The park is one of four large national parks in the west Darling country of NSW promoted as important tourist destinations by the National Parks and Wildlife Service. The others are Mutawintji, Sturt and Mungo, and each offers the visitor dramatically different landscapes typical of inland Australia.
Kinchega is the only large conservation area in NSW on the Darling River and includes the only substantial representation within the national park system of river red gums and shrublands of the rare plant Acacia carneorum as well as significant examples of bluebush shrubland. The lake system supports important bird rookeries while the land supports the four large species of macropod and other fauna typical of inland NSW.
Sites of the former Aboriginal occupation are abundant in the park and important historical relics of the pastoral industry, including the old Kinchega woolshed and the ruins of the homestead, remain on the park.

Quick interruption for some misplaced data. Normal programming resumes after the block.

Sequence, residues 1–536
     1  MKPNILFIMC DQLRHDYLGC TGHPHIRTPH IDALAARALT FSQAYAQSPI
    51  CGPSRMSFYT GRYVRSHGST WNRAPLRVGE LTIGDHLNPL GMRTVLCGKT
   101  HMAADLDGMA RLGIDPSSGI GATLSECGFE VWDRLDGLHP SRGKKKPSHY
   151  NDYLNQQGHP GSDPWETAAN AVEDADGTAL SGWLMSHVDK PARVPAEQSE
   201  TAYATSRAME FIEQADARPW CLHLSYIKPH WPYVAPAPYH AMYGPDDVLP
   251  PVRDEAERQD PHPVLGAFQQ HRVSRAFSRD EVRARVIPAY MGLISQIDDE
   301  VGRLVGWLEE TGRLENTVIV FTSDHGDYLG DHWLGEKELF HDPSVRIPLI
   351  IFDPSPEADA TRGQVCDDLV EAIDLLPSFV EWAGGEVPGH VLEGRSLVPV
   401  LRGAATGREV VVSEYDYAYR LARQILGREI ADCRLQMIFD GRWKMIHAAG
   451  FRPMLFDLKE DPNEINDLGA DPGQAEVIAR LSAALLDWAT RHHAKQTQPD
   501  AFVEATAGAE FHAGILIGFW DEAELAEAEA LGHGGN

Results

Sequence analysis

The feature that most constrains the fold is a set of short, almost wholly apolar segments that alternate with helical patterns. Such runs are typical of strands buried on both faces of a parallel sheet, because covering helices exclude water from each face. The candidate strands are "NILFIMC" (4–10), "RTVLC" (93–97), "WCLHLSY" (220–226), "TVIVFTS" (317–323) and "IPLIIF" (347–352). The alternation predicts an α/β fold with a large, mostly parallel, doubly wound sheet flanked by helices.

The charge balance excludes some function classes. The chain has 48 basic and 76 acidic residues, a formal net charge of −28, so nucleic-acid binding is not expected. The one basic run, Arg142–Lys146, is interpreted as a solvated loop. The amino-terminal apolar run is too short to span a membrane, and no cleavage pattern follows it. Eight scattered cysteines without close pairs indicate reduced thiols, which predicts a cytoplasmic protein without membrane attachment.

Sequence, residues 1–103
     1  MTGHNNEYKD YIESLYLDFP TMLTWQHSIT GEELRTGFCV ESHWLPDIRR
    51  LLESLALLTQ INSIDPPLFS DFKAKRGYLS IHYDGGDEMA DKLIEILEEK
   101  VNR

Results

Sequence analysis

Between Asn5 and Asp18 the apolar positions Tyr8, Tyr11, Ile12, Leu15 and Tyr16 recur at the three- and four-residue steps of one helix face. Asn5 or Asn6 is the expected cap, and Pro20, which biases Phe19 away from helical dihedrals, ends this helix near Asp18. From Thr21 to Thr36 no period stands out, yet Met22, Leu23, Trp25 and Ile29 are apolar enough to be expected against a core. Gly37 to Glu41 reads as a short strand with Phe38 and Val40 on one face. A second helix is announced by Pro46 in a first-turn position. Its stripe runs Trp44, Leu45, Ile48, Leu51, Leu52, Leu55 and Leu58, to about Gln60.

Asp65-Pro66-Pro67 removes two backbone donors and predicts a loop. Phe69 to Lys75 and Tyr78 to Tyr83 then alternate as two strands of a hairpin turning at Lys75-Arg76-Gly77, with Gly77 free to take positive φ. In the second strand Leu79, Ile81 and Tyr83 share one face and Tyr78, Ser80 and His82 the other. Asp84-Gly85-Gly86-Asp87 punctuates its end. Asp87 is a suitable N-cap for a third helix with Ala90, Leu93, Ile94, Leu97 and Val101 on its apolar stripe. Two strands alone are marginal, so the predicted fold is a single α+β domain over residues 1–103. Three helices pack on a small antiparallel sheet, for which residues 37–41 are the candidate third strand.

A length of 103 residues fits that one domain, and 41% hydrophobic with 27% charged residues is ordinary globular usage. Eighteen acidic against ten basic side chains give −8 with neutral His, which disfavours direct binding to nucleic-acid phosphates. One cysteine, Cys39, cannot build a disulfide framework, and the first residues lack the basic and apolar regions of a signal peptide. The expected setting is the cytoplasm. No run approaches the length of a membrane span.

Kinchega National Park is also important because it is easily accessible from Broken Hill by sealed road and is therefore a popular local recreation area. Recreational use of Kinchega National Park is concentrated around Lakes Menindee and Cawndilla, two of the largest lakes of the Menindee Lakes Storage Scheme, and along the Darling River.
Other park planning documents
Kinchega National Park Conservation Management and Cultural Tourism Plan (2002)
Photo: Sunset at Kinchega National Park / D Finnegan /OEH